COLUMN: What about low-income families?

MORRISBURG — Even before the election writ was even dropped, Canadians have heard about the “Middle Class”; the “Middle Class” has been the focus for all of the major political parties in the 2015 Federal Election. Nearly every policy plank dealing has targeted the “Middle Class”. Boutique Tax Credits, Child Care, Parental Leave, Infrastructure, and Job Creation. The problem is none of the party platforms substantially address low-income earners, where the need is greatest. All of the parties have forgotten those that are in the most need.

In 1989 at a United Nations world summit on child poverty, then Prime Minister Brian Mulroney pledged that Canada would eliminate child poverty by the year 2000. When that pledge was made, child poverty rates in Canada were at 15.8 percent according to Statistics Canada tax filer information. On his election in 1993, Liberal Jean Chretien stated he would honour that pledge and Canada would meet that year 2000 target. By 2012, the childhood poverty rate had increased to 19.1 percent using the same Statistics Canada models. That is not elimination. That is failure. Failure by every government to help those who need it most.

After Paul Martin’s ascension to the Liberal throne, there were some attempts to help low-income families, but he was reduced to a minority government and then tossed by voters for the sins of his predecessor. Stephen Harper’s neo-con solution of the Universal Child Care Benefit provided a slight increase in help, but a drop in the bucket as there was no spending on other programs. Adding tax rebates to “help” families when they cannot afford to spend the money in the first place is not help at all.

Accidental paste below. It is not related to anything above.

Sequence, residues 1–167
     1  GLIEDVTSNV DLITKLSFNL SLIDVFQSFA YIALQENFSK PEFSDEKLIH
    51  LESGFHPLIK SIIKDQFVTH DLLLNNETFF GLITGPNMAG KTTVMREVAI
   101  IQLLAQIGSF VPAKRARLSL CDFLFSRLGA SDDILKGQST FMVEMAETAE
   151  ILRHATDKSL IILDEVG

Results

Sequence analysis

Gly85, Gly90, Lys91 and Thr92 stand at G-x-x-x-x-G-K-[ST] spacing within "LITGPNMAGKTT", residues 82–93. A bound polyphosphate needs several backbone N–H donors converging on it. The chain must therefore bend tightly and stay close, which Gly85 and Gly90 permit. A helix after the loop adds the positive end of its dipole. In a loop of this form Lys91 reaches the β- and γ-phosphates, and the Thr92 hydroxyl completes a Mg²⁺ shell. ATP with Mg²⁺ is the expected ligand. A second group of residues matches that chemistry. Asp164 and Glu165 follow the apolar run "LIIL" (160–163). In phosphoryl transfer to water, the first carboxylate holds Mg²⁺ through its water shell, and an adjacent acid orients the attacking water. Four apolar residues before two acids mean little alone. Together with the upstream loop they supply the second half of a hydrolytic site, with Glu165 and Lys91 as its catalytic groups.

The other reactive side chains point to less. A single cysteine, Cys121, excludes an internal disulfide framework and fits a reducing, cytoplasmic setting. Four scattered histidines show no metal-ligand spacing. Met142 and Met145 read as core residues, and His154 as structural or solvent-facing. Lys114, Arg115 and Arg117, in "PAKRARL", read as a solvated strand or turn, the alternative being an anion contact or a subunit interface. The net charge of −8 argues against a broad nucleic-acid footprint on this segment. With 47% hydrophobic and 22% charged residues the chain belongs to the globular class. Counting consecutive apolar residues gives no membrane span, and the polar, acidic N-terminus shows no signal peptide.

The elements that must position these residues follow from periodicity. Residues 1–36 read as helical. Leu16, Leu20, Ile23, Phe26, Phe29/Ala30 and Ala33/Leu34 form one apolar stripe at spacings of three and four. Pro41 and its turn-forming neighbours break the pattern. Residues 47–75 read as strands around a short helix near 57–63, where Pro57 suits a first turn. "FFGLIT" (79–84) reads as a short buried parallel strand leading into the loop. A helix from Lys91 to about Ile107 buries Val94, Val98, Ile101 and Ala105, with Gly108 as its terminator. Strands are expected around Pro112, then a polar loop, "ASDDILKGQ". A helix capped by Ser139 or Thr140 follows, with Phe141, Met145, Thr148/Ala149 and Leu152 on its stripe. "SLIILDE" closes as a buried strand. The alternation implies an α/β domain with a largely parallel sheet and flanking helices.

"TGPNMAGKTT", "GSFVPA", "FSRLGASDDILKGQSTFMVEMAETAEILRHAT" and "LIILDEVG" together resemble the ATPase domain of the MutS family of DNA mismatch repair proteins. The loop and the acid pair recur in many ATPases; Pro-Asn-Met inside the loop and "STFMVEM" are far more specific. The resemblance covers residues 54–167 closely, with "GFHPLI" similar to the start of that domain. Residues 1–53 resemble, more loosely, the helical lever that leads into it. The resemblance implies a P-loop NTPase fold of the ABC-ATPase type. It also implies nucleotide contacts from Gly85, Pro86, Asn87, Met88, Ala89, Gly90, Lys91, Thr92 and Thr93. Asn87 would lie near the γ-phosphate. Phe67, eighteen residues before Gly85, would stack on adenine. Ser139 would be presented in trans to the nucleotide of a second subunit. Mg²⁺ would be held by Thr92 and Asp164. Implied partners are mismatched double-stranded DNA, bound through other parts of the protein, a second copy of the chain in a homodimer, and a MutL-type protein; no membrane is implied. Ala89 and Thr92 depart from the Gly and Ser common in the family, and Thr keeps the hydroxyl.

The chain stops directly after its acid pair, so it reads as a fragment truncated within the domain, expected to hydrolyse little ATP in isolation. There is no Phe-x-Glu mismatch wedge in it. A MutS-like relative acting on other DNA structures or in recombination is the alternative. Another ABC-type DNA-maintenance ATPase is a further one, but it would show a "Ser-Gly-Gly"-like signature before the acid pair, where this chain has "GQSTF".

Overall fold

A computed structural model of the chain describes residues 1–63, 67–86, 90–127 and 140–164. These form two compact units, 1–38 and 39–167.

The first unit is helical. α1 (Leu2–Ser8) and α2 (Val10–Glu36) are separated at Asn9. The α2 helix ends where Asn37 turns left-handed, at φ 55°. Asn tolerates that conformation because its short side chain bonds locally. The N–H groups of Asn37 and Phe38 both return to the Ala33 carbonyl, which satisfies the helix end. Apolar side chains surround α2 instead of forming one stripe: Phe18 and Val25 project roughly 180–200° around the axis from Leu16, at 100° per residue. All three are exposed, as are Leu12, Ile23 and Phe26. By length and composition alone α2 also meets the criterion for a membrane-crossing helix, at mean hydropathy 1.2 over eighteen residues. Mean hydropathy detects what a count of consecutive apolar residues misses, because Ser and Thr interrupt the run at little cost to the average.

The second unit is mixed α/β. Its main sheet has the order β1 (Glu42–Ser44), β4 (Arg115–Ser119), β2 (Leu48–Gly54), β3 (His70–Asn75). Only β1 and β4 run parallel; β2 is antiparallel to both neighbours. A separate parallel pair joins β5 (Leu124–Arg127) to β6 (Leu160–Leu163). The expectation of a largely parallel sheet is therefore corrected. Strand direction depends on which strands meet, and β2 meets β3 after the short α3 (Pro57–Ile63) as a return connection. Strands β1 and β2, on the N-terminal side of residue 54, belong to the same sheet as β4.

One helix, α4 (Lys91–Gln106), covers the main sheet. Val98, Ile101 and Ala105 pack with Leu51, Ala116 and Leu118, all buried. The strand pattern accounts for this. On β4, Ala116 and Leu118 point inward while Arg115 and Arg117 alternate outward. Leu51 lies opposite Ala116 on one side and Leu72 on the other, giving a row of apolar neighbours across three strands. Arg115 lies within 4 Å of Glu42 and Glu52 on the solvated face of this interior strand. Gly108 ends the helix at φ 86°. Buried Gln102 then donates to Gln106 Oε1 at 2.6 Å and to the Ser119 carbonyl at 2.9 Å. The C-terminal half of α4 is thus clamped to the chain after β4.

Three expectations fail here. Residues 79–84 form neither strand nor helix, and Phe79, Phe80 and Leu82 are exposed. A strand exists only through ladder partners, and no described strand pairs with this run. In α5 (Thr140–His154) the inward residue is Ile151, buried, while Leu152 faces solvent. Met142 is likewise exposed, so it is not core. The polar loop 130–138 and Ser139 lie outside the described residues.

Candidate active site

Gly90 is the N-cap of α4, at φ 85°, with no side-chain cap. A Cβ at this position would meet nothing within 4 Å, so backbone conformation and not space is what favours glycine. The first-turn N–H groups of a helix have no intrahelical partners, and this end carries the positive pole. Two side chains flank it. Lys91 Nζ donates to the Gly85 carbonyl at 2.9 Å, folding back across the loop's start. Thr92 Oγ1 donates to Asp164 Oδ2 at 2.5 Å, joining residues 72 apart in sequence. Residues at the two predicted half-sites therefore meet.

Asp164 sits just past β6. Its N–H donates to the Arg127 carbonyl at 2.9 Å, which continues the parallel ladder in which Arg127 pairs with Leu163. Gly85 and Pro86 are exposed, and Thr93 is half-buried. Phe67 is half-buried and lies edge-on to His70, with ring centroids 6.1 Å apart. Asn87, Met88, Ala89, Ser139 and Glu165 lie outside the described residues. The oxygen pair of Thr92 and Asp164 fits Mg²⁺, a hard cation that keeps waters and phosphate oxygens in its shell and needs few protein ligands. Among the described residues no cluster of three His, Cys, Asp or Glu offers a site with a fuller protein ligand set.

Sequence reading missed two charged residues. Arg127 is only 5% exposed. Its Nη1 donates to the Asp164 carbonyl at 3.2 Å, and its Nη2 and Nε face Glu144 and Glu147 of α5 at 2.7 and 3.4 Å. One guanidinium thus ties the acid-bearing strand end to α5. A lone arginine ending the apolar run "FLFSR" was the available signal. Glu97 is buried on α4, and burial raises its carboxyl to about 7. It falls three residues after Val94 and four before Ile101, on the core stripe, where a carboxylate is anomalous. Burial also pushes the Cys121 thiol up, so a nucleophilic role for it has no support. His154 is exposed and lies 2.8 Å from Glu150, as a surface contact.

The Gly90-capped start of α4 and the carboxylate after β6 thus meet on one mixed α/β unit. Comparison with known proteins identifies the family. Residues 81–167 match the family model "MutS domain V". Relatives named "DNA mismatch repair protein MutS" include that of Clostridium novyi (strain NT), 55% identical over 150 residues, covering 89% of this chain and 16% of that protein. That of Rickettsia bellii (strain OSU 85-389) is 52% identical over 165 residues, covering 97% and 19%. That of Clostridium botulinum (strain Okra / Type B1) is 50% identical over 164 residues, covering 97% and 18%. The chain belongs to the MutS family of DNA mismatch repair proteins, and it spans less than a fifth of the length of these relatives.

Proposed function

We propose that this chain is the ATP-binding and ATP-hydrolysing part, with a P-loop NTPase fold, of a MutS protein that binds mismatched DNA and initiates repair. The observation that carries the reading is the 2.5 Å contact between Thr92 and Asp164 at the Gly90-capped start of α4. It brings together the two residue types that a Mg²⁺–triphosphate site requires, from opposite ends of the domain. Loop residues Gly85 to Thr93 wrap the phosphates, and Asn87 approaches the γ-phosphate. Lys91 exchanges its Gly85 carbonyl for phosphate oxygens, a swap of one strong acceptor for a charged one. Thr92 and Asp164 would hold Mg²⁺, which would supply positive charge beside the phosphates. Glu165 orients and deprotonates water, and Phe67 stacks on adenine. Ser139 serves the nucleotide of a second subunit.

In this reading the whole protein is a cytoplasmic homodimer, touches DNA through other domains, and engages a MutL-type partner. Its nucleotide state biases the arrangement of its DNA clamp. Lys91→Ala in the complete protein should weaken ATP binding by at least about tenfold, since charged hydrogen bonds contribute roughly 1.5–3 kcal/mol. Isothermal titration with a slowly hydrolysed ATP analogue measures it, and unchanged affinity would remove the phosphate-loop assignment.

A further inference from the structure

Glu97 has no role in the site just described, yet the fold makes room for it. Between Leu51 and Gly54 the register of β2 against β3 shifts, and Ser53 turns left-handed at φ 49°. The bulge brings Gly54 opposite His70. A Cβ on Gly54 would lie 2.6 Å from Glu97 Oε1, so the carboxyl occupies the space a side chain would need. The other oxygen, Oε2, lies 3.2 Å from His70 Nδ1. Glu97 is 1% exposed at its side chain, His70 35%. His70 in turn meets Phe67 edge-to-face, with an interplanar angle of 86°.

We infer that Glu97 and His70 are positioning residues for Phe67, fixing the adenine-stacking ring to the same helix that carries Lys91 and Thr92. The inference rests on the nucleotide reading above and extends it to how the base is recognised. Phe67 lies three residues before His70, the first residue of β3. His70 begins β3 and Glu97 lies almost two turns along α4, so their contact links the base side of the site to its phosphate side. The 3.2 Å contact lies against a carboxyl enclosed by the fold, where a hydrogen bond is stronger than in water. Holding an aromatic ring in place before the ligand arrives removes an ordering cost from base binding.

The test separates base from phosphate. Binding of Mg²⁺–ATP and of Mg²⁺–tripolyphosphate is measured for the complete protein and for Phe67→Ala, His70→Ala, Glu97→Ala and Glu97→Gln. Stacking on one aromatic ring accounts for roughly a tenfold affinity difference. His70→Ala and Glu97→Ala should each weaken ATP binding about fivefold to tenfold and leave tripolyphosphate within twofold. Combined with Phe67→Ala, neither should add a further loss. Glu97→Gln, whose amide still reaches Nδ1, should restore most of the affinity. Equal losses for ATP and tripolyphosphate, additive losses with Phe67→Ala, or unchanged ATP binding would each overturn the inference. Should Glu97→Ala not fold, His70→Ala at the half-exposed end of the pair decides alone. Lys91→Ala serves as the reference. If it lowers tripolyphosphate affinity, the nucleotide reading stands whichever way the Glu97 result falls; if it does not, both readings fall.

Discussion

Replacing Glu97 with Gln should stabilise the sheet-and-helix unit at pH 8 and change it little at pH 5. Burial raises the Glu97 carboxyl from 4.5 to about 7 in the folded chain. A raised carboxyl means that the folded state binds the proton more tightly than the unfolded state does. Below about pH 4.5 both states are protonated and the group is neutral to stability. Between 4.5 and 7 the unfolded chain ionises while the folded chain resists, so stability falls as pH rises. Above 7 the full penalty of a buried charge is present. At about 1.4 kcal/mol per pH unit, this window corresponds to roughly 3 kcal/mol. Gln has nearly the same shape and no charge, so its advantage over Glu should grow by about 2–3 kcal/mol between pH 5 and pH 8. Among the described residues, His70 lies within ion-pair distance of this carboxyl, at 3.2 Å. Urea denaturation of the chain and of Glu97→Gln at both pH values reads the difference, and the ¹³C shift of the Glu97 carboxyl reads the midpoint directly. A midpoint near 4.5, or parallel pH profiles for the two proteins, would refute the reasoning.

This is not to say the “Middle Class” does not need some relief from taxes and soaring fees. The bulk of those issues rest with the provincial and municipal governments though. Quite honestly, “Middle Class” families can muddle through in a pinch. In Ontario, for example, everyone, regardless of income, needs help with stifling energy rates due to a failed social engineering “Green Energy” policy that has driven jobs away and rates through the roof. But that is a provincial matter. The cost of day care is an issue for some families, but that can be dealt with as well through budgeting and balancing family needs and wants. That is not the case for low income earners.

Having grown up in small-town Ontario in the 1980’s, a food bank was an unknown concept. So were campaigns for back-to-school supplies, snow-suit funds, and funding programs like Canadian Tire’s Jumpstart or the Upper Canada District School Board’s “Champions for Kids”. All unheard of. Now they are common place, perhaps too common place.  Locally the Dundas County Food Bank just completed a relocation and expansion in Morrisburg. It is good that these programs are out there to help those who need it, but it is sad that they needed at all.

Regardless of who is in power, government has a role to help those in genuine (and there is a difference) need. To provide a helping hand up, but not a hand out. Instead of arguing over boutique tax credits and infrastructure spending that does not create permanent full-time jobs, there needs to be a real debate and real policy on helping low-income families. All parties have failed for far too long.

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